The Lexington Mental Health Care Act has received Senate blessing from Senate Minority Leader Charles Schumer Charles (Chuck) Ellis SchumerCotton says Kavanaugh nomination moving forward as Trump approves FBI probe Cotton says Kavanaugh inquiry ‘unexpected but necessary’ The Hill’s Morning Report — Kavanaugh confirmation faces fresh uncertainties MORE (D-N.Y.) on Wednesday.
It would provide federal funding to states for mental health care, and would require the Department of Health and Human Services (HHS) to study the feasibility of providing mental health services to the mentally ill.
Currently, the Mental Health Insurance Portability and Accountability Act (MHIPA) requires states to submit a plan to the federal government every year to help them determine if mental health programs can be provided in their communities.
The bill would also establish a task force to study how to better manage mental health and substance abuse services, and a $1.3 billion mental health infrastructure grant to state and local governments.
Schumer and Democratic colleagues introduced the bill earlier this year, and Schumer told reporters the bill would “significantly improve mental health in our country.”
The legislation has bipartisan support.
The legislation was signed by President Trump Donald John TrumpTop consumer bureau official blasts colleague over blog posts dismissing racism Trump ‘baby blimp’ going to Washington state for hurricane relief MORE on Jan. 25, according to a White House statement.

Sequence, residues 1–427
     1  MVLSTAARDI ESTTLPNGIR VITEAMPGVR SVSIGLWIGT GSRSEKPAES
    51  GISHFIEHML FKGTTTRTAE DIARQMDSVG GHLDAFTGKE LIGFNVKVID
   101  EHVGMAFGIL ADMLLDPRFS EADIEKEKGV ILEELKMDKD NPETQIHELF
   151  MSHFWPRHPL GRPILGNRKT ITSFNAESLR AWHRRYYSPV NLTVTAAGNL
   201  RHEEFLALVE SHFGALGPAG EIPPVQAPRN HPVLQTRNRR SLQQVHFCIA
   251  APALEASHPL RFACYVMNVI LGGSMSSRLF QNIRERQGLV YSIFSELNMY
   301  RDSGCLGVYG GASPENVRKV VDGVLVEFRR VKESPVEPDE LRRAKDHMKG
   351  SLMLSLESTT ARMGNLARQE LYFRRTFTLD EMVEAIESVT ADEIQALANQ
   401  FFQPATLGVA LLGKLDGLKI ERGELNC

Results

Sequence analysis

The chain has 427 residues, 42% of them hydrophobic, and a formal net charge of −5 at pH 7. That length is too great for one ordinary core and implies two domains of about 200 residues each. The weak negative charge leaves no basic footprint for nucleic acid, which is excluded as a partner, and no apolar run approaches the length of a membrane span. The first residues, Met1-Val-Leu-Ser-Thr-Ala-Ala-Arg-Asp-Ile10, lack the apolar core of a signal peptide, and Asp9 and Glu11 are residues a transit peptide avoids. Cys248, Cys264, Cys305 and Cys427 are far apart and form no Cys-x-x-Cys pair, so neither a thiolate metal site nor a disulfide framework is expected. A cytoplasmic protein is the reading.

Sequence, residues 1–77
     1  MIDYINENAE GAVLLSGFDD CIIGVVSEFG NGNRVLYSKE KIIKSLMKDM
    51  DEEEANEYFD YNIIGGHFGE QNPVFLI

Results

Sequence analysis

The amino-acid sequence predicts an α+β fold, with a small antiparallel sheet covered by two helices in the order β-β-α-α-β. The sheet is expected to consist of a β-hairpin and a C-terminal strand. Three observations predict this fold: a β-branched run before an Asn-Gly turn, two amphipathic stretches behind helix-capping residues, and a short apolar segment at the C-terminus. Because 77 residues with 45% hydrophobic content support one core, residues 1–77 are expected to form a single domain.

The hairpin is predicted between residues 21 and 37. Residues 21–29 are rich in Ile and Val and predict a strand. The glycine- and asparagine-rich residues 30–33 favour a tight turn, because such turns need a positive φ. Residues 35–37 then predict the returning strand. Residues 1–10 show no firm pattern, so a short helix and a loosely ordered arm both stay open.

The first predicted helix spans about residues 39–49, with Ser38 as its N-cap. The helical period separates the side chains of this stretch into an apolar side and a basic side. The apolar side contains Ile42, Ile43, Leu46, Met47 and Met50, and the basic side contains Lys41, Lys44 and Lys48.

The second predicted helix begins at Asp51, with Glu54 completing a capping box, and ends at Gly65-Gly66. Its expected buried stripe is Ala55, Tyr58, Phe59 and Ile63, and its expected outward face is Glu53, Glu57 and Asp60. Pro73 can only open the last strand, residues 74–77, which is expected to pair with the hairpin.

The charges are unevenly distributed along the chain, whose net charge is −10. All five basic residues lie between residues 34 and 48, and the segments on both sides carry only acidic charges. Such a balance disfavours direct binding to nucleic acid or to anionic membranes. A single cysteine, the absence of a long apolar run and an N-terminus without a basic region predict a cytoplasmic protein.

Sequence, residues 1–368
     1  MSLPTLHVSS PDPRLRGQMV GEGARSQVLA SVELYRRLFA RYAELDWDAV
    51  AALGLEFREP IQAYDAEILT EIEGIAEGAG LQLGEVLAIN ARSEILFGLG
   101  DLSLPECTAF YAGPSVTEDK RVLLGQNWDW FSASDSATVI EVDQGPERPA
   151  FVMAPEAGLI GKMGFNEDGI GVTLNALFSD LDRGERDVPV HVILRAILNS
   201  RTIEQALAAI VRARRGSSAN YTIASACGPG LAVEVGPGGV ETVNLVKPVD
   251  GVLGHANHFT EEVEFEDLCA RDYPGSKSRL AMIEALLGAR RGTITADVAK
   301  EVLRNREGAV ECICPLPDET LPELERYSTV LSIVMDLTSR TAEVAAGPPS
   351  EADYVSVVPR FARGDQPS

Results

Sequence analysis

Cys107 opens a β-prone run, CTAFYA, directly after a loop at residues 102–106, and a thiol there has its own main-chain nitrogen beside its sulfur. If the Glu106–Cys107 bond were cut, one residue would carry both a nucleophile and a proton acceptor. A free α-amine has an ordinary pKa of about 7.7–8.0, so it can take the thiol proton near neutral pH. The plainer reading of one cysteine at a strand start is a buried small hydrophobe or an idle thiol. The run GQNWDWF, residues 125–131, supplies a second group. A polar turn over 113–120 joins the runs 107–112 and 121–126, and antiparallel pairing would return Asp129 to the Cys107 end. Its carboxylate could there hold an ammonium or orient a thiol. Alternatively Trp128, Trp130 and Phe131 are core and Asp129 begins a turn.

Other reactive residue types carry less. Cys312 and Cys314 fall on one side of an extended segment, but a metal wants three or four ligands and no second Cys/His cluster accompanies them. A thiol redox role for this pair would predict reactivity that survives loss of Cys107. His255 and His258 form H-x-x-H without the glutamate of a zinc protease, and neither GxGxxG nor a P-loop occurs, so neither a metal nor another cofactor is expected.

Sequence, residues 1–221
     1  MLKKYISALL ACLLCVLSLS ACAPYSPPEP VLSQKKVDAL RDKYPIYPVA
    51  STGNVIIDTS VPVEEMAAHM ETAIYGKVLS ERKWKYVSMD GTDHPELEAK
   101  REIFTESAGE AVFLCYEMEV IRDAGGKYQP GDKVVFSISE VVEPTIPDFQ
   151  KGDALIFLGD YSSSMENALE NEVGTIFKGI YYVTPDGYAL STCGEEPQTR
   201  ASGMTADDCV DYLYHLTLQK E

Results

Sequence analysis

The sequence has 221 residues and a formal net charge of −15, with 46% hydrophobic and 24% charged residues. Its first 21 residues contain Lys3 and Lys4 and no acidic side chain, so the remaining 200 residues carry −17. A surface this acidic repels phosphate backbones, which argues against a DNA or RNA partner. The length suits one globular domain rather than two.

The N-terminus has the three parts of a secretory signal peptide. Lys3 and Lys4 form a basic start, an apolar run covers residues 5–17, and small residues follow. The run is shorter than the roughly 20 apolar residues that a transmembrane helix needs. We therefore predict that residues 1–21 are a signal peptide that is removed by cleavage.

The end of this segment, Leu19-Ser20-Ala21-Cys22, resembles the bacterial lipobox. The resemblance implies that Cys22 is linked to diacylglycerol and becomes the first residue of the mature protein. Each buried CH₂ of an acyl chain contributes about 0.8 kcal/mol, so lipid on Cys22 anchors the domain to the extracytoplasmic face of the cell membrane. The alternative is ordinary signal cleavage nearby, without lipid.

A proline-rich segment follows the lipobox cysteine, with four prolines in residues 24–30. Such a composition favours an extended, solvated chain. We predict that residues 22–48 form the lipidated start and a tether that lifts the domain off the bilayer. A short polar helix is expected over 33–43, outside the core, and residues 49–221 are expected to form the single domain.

Schumers office said it has met with a number of state legislators and was pleased to see bipartisan support for the bill.
“The Lexington Mental Healthcare Act is a major step toward providing the mental health community with resources and tools to address the needs of people who are experiencing mental health crises,” the statement said.
“We look forward to working with our members of Congress and the administration to bring the Lexington Mental Care Act to life.”
Democrats are also working to improve mental healthcare coverage in the state of Maine, which has the lowest rate of the 50 states in terms of the number of residents in private mental hospitals.
President Trump has repeatedly threatened to pull the United States out of the Paris climate agreement if the United Nations does not move quickly to meet the climate change goals.